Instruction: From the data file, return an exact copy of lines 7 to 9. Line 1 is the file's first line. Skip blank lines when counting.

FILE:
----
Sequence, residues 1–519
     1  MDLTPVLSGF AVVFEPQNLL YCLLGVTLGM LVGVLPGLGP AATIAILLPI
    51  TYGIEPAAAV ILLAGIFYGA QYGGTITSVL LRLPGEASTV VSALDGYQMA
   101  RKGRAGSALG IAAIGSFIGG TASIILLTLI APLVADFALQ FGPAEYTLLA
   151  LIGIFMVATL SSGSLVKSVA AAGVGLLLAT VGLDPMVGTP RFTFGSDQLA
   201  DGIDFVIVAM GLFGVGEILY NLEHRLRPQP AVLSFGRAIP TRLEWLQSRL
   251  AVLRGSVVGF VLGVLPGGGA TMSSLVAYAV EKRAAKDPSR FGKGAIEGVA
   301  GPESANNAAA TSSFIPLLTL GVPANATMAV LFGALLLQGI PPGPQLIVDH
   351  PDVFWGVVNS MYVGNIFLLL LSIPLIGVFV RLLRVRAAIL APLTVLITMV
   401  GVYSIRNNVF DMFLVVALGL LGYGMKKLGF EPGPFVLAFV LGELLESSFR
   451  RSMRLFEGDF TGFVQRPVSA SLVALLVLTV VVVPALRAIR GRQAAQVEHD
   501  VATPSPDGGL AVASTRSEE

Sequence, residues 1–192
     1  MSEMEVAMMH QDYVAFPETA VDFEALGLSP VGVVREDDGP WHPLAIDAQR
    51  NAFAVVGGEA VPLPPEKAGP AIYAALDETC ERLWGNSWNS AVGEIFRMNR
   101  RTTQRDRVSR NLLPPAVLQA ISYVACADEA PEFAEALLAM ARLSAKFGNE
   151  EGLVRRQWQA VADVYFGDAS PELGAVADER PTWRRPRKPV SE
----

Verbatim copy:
   251  AVLRGSVVGF VLGVLPGGGA TMSSLVAYAV EKRAAKDPSR FGKGAIEGVA
   301  GPESANNAAA TSSFIPLLTL GVPANATMAV LFGALLLQGI PPGPQLIVDH
   351  PDVFWGVVNS MYVGNIFLLL LSIPLIGVFV RLLRVRAAIL APLTVLITMV